Ulf Laessing was shocked when he arrived in Gao in north-east Mali. The head of the Konrad Adenauer Foundation's Sahel regional program is crisis-tested and used to work as a Reuters journalist in conflict regions. But how quickly the number of internally displaced persons in the city on the edge of the Sahara has recently increased surprised even him.
"There are now well over 100,000, some observers assume 200,000 living in camps on the outskirts of the city," says Laessing. "Many new ones are added every day." After the French pulled out of the West African country a year ago, terrorist organizations with ties to the Islamic State were on the rise. "Whole parts of the country have recently been depopulated, villages burned down and people chased away," says the Mali expert. "The only port of call is Gao, which is considered reasonably safe."
This has a lot to do with the UN mission Minusma, in the context of which almost 1,200 Bundeswehr soldiers are stationed in Gao. Yet. In November, the federal government decided to withdraw the German soldiers in an orderly manner by May 2024. It was a compromise: Foreign Minister Annalena Baerbock had advocated a permanent continuation of the mission. Without Minusma, the Greens argued, Mali would slide into chaos in the foreseeable future.
Former Defense Minister Christine Lambrecht (SPD), on the other hand, feared for the safety of her troops. She wanted to get out of the operation as quickly as possible - and pointed out that Mali's military junta was no longer interested in German involvement and had decided to cooperate with Russian Wagner mercenaries. The Bundeswehr's order to support Minusma with reconnaissance and logistical capabilities can no longer be fulfilled.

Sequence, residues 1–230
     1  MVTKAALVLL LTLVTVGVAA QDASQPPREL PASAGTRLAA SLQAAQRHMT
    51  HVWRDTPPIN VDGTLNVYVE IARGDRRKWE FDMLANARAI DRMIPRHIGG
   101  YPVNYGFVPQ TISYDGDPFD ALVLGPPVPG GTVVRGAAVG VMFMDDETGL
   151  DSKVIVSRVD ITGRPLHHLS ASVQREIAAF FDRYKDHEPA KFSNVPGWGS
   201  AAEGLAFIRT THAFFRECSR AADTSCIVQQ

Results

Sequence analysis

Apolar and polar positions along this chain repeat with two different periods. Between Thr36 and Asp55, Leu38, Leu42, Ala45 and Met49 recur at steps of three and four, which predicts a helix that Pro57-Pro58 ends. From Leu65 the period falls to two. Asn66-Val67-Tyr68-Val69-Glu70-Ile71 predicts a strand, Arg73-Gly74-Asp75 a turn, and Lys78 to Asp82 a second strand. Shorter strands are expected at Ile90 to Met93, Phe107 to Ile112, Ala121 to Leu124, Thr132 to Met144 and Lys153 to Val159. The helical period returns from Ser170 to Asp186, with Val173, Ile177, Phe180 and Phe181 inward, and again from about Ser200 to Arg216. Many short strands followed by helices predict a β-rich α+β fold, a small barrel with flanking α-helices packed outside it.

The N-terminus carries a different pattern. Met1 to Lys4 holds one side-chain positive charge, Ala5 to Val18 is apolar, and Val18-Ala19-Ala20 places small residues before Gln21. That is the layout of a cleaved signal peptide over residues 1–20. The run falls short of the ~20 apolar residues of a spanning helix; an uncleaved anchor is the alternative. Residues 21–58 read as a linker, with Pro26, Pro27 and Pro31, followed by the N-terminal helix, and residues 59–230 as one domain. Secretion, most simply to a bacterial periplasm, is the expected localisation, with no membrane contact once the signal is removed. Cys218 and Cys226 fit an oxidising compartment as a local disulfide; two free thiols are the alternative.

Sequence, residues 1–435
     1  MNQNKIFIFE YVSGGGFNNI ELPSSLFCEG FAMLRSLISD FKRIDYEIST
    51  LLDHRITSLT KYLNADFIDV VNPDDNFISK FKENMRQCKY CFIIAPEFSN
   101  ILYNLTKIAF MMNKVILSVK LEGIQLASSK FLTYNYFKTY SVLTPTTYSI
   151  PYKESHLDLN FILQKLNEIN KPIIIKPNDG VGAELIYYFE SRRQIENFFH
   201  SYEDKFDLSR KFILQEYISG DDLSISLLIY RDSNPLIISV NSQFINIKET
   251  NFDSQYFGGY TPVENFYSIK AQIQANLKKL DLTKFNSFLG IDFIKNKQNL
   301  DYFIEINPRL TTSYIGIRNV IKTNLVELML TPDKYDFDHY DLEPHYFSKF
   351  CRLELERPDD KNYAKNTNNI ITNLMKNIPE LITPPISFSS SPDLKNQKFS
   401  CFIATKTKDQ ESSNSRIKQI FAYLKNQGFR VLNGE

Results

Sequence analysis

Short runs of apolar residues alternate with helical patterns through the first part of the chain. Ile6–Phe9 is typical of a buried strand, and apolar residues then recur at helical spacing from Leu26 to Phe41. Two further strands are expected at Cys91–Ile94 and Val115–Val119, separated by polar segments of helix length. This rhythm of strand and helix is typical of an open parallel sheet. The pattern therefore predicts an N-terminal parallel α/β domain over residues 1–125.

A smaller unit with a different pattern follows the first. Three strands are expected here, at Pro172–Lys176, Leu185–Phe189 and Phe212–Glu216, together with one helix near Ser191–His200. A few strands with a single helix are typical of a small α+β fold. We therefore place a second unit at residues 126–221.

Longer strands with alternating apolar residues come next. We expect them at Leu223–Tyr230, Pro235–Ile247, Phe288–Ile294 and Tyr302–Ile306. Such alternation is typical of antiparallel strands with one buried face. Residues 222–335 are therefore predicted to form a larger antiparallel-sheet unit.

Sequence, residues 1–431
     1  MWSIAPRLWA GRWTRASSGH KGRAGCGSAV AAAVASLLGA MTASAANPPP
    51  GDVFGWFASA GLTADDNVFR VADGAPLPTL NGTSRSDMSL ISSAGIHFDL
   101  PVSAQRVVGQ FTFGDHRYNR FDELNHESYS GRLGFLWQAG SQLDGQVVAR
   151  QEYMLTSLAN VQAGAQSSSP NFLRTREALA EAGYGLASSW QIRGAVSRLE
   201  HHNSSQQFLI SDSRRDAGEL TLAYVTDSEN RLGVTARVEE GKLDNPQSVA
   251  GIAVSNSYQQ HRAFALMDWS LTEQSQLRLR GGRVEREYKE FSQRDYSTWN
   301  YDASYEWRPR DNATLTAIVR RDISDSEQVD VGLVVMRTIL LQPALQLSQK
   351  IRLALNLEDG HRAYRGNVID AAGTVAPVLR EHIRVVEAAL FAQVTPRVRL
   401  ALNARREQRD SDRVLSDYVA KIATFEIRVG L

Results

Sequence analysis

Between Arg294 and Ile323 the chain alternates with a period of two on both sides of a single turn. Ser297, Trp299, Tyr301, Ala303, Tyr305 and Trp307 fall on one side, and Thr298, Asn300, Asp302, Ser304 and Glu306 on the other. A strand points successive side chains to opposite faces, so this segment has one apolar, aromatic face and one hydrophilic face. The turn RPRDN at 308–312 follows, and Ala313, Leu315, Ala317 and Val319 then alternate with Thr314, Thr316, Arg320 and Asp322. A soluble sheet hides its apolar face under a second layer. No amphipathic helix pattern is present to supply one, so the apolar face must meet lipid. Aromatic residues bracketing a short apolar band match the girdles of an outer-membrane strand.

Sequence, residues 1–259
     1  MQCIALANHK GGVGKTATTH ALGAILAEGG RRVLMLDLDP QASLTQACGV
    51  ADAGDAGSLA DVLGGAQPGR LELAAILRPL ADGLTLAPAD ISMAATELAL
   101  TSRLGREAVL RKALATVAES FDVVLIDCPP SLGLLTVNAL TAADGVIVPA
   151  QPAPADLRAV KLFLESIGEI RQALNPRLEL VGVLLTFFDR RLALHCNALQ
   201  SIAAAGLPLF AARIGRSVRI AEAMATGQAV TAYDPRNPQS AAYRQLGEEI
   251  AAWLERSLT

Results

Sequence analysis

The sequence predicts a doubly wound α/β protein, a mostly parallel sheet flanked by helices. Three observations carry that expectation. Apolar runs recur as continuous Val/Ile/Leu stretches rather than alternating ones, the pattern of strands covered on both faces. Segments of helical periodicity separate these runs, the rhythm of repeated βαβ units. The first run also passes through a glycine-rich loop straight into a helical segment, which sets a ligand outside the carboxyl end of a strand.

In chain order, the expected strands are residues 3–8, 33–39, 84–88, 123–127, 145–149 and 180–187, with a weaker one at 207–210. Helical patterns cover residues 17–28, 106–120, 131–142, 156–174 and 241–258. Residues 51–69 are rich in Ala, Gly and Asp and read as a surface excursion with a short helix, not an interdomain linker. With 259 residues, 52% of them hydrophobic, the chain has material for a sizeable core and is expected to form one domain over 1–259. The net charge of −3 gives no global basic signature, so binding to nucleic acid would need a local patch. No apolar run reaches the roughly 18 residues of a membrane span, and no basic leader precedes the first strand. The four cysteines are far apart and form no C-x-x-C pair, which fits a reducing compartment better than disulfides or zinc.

Developments to date prove both are right. The zones in which Mali's army operates in conjunction with the estimated 800 to 1,000 Wagner mercenaries may not be entered or flown over by the Minusma troops. Permissions from Mali's generals are required even for simple patrols, and flights with the medical evacuation aircraft "MedEvac" have recently been banned within Mali.
And the drones, which are central to the Bundeswehr's reconnaissance work and self-protection, have not been allowed to take off since October. There are still no flight permits for the use of the Heron 1, Luna, Aladin and Mikado systems, according to a confidential briefing by the federal government for the Bundestag on January 25. "Despite intensive efforts by Minusma and German authorities, a normalization of operations is still not foreseeable," says the letter available to WELT with encapsulated frustration.
The new Defense Minister Boris Pistorius (SPD) therefore wants to withdraw from Mali faster than by May 2024. After a visit to the Operations Command in Potsdam, he told the Süddeutsche Zeitung that under the current conditions, continuing the mission made “no sense at all”. Without the use of drones, the mission is a "waste of money and time".